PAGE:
Red Curry Mock Duck with Three Oranges
In the dark, cold months of January and February, we can thank the citrus growers of Florida and California for shipping us rays of edible sunshine. Just as the winds howl and the snowbanks grow tall in Minnesota, our southern neighbors are harvesting juicy citrus fruit to soothe our shivering palates.
If your only exposure to the tangy citrus fruit of the season is the occasional orange in your lunch box, you are missing out. The breadth and depth of my Coop’s citrus display is impressive, with multiple varieties of oranges, grapefruits, limes, lemons, and the exotic kumquat variations. Of course, the mandarins are perfect for snacks and lunches, and you can’t beat an orange for pack-ability. But these versatile fruits are a real culinary bonanza, when you start using them to brighten up your wintry fare.
Start Cooking with Citrus
All the citrus fruits have their own flavor profiles, with varying levels of sweetness, acidity and perfume. The oranges we get are sweet oranges, unless you are talking about blood oranges, which are often quite tangy. I’ve fallen in a big way for Cara Cara oranges, which have a deep pink flesh and sweet, rich flavor. I happened upon a new variety, called Raspberry Oranges, which I used in this dish. They taste like sweet oranges, with red flesh and a hint of raspberry flavor. Lemons and limes are where you get a burst of acid to balance a dish. Meyer lemons are a bit sweeter than regular lemons, and have a unique fragrance, so buy them when you see them.
The real adventure begins when you start experimenting with the -quats. First there were kumquats, which are like tiny, super tart oranges that you eat whole. Then creative breeders started mixing things up, and now we have limequats, lemonquats, mandarinquats, Fukushu Kumquats (half mandarin) and Variegated (striped) kumquats. If you get lucky, you might see a Calamansi or Calamondin, a hybrid from China that is very popular in the Phillipines.
I sliced some “tangerinequats” I bought at the Coop, which manage to be both sweet and very tart at the same time. They make a perfect garnish on top of my creamy curry, to blast through the richness in between bites.
Start Seeing Zest!
Each beautiful citrus fruit is really three ingredients. There is the pulp, or vesicles, the juice, and the zest, each with its own uses and powers. Whenever I want powerful flavor, I look to zest. In this recipe, I simmer the sauce with both orange zest and a halved lime which will give the sauce both zest and juice by the time it’s served.
Zest comes from the outermost layer of the peel, or pericarp, where the oils of the fruit protect it from drying out. The fluffy white pith acts as packing material for the delicate vesicles inside, allowing them to ripen to maturity. The oils in the zest contain intense flavor that will transfer over to the fats in your dish, in this case, the coconut milk carries them beautifully throughout the sauce.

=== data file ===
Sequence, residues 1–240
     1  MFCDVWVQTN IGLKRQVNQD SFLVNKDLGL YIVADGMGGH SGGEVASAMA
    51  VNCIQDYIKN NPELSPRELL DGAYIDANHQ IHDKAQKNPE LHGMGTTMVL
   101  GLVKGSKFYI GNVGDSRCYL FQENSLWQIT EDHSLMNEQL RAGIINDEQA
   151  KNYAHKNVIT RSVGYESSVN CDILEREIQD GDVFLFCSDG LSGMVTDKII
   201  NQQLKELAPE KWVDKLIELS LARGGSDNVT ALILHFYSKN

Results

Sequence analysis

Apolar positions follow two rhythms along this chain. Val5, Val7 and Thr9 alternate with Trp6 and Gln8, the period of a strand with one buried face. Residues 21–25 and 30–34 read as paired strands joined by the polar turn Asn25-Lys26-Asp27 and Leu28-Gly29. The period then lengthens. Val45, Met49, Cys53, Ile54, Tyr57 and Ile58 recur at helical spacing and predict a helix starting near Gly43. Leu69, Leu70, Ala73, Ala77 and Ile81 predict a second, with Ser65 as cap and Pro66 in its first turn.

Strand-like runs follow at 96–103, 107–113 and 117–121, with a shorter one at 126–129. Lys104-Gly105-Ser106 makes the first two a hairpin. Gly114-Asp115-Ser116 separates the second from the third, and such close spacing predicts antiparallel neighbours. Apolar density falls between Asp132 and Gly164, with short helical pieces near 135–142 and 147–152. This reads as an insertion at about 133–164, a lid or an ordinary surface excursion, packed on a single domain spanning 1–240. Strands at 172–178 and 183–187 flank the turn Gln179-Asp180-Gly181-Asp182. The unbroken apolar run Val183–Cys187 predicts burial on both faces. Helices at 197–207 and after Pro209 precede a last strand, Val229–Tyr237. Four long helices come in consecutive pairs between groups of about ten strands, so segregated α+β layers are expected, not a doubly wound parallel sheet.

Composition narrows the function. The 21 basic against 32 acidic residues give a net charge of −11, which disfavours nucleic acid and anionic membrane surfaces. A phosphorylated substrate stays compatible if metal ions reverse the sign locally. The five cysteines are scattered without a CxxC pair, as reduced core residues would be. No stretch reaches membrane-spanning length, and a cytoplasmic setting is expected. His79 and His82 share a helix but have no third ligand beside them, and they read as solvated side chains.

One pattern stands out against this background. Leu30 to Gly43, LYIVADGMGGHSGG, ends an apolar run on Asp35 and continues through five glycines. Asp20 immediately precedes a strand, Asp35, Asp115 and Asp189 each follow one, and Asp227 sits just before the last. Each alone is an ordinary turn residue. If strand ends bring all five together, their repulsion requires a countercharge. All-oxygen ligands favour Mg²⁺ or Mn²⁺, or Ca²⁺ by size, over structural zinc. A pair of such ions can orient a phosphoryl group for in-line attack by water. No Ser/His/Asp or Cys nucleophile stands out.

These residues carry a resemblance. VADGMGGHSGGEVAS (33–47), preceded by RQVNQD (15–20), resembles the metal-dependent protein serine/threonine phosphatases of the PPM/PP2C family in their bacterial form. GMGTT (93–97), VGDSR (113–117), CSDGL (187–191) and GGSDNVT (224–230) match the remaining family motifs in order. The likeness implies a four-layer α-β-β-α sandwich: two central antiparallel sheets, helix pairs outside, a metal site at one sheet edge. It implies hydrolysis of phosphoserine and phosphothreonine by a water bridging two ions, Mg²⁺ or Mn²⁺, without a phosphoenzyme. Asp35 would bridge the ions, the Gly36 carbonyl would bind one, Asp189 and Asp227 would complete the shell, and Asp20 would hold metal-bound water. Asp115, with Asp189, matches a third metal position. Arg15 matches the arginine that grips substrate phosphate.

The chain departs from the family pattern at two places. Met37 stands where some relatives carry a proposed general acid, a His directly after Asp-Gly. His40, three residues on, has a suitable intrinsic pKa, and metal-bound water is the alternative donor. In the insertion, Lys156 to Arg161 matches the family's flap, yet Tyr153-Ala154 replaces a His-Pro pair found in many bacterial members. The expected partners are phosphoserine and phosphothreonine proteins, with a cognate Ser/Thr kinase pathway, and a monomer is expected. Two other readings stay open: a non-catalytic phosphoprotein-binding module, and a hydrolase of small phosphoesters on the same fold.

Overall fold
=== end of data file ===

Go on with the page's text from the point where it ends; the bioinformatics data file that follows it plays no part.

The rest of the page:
I may be burying the lead, but I serve this curry over Fonio. I’ve been cooking with fonio for years, and it’s becoming more available. If you see Fonio, buy it, you will love it.
For me, it’s time to soothe myself with citrus, and keep my Vitamin C levels up until Spring. What a beautiful way to do self-care!
Red Curry Mock Duck with 3 Oranges and Fonio
- 1 15 ounce can coconut milk
- 1 large shallot chopped
- 2 tablespoons fresh turmeric minced
- 2 tablespoons fresh ginger minced
- 1 tablespoon red curry paste or more to taste
- 2 large cara cara orange, zest of one peeled off in a strip fruit sectioned
- 1/2 large lime
- 1 cup vegetable stock
- 3 cups cubed butternut squash
- 2 10 ounce cans mock duck drained and torn
- 2 large raspberry or blood oranges sectioned
- 1 large tangerinequat or other -quat thinly sliced
- 2 cups water
- 1 teaspoon salt
- 1 cup fonio
- In a large skillet or wok, pour the coconut milk, then place over medium-high heat. Add the shallots, turmeric, ginger and curry paste. When the coconut milk comes to a boil, add the orange zest, lime half, vegetable stock and tamari. Bring to a boil, then reduce to a simmer for about 5 minutes, until slightly thickened.
- Add the butternut squash and mock duck and bring to a boil, then cover the pan for about 5 minutes. When the squash is tender when pierced with a paring knife, adjust the thickness of the sauce with a little water, if too thick, or simmer it longer if you want it a little thicker.
- Section the oranges and slice the tangerinequat. Serve the curry over fonio, garnished with orange sections and sliced -quat.
- For fonio, bring 2 cups water to a boil, stir in fonio and salt. Return to a boil, reduce to low,and cover for 5 minutes. Uncover and fluff with a fork.